cutting dead hydrangea blooms

jtown_4March 21, 2009

I was not able to cut the hydrangea blooms last year (one mophead, one lace). The plants are now covered with dead blooms. Can I cut them now and not hurt the plant?

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razorback33(z7)

Won't affect the plants in any way. Use sharp cutters and remove the spent blooms and their stems just above the last bud on the cane. That portion will be dead.
Rb

    Bookmark   March 21, 2009 at 8:04PM
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EGO45(6bCT)

... or better wait untill buds starts swelling and you'll clearly see where to make a cut.

    Bookmark   March 22, 2009 at 6:36PM
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tulipsmiles(6 South of Boston)

I have an Endless Summer Hydrangea that seems to be mostly dead, except for a few branches. By last fall, the majority of the branches were brown with no growth or green leaves. It is about 3 ft high and wide. There are about 3 branches that were green and were producing blooms. Needless to say, it was a very sorry looking Hydrangea.

It is a 4 year old plant, that was originally in a location with too much sun. Early last spring, I moved it so that I wouldn't receive the southern exposure sun it was getting, but rather 3 hours of morning sun and rest of the day shade.

It is now close to Spring and I still don't see any growth or progress on this shrub.

If, in a few weeks, I don't see any green growth on those dead/brown branches, shall I dig up and toss the whole plant? Could I divide the root ball so that the portion or side of the shrub that had life could possibly survive and grow into a larger shrub?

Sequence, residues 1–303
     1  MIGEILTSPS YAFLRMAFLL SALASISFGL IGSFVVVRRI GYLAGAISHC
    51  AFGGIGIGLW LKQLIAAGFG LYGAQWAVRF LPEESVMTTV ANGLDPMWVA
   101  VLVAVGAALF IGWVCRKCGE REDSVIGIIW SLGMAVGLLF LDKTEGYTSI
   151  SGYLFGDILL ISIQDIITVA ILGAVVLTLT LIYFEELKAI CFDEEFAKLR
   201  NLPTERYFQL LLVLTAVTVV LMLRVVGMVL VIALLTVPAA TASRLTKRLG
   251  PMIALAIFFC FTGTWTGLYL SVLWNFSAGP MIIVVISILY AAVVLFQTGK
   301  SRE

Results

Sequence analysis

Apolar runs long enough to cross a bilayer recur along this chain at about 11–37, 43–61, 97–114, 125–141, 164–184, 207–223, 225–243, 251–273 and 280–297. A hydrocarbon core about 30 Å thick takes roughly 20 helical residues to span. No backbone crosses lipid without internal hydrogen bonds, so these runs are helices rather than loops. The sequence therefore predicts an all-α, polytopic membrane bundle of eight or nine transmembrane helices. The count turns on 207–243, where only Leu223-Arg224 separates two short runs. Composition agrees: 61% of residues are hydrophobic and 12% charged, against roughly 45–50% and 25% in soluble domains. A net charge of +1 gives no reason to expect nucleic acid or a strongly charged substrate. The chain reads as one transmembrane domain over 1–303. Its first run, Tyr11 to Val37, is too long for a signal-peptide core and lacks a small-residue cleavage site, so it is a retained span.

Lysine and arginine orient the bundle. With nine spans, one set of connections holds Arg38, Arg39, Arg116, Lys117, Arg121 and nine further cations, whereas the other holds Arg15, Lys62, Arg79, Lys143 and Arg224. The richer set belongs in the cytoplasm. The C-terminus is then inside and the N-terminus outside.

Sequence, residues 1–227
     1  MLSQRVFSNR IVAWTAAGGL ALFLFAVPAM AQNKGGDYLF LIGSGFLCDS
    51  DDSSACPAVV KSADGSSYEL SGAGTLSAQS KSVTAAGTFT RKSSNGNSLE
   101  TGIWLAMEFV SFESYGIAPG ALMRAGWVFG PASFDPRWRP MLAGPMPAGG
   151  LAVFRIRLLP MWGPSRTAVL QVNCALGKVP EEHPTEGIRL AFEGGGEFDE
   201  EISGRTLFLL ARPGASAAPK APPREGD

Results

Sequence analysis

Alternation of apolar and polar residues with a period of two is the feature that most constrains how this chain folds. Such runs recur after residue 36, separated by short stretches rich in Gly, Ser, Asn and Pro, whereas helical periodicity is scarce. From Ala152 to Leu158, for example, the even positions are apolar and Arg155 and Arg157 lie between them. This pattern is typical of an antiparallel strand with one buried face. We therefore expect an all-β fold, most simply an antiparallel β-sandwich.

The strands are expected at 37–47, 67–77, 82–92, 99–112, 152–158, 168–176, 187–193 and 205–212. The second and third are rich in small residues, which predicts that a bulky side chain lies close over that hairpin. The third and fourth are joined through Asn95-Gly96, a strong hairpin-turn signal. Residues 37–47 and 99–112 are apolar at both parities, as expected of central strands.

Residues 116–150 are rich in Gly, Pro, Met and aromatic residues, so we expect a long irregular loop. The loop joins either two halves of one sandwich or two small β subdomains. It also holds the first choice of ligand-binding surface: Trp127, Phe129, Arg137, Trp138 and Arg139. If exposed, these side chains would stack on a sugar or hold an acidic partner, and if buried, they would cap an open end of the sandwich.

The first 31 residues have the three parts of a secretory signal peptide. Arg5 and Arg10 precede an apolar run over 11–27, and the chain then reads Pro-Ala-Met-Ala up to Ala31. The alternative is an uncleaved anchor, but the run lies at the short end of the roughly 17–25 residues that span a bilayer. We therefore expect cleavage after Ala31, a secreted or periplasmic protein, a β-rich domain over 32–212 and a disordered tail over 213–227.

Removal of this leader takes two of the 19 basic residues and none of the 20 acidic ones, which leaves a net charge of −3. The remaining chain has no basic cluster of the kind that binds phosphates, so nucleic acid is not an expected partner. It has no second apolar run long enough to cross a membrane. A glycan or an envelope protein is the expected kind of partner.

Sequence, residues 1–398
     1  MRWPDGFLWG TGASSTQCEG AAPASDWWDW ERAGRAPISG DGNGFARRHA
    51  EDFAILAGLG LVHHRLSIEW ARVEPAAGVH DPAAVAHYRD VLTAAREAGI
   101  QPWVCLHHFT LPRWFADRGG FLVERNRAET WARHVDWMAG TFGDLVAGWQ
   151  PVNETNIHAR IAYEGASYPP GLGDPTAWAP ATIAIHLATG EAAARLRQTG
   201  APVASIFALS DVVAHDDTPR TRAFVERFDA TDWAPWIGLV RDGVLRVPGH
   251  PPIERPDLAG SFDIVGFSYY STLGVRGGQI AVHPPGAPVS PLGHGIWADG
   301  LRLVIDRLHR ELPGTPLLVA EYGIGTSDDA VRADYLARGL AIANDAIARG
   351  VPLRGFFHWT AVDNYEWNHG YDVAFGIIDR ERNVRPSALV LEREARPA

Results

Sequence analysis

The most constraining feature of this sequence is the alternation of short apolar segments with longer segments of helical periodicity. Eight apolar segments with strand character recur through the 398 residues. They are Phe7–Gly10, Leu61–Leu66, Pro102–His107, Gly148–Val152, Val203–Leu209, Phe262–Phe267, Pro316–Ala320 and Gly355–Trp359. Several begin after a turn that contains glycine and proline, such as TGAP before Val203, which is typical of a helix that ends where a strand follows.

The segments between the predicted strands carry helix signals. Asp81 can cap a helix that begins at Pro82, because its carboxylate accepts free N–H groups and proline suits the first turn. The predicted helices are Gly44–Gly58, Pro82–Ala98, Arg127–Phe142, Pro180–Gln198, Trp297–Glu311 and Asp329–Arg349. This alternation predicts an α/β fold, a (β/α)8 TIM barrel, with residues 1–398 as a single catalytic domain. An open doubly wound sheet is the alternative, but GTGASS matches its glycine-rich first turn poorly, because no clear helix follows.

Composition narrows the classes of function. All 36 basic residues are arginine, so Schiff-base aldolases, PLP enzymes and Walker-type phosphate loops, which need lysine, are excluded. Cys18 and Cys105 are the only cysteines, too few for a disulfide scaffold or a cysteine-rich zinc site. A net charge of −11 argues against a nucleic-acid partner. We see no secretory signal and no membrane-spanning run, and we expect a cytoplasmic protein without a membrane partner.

Thanks!
Tulipsmiles

    Bookmark   March 7, 2010 at 11:12AM
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gardengal48

tulipsmiles, my recommendation would be only to remove or cut back to the base those stems that show no signs of life or new growth. Often that is enough to encourage additional shooting from the root crown. Mulching with compost or fertilizing appropriately might also help to encourage new growth. In general, unlike perennials, woody shrubs such as hydrangeas do not respond well to division - you risk damaging the rootball and killing the plant.

FWIW, there have been countless posts here about folks having difficulty or getting poor performance with 'Endless Summer'. If this plant does not respond well this season and put out some nice vigorous new growth, you might want to consider replacing it with a more reliable selection.

    Bookmark   March 7, 2010 at 2:45PM
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tulipsmiles(6 South of Boston)

Thanks Gardengal - your feedback is very much appreciated. I will cut out those dead stems and hope the energy is diverted to new growth.
Thanks!

    Bookmark   March 25, 2010 at 11:32PM
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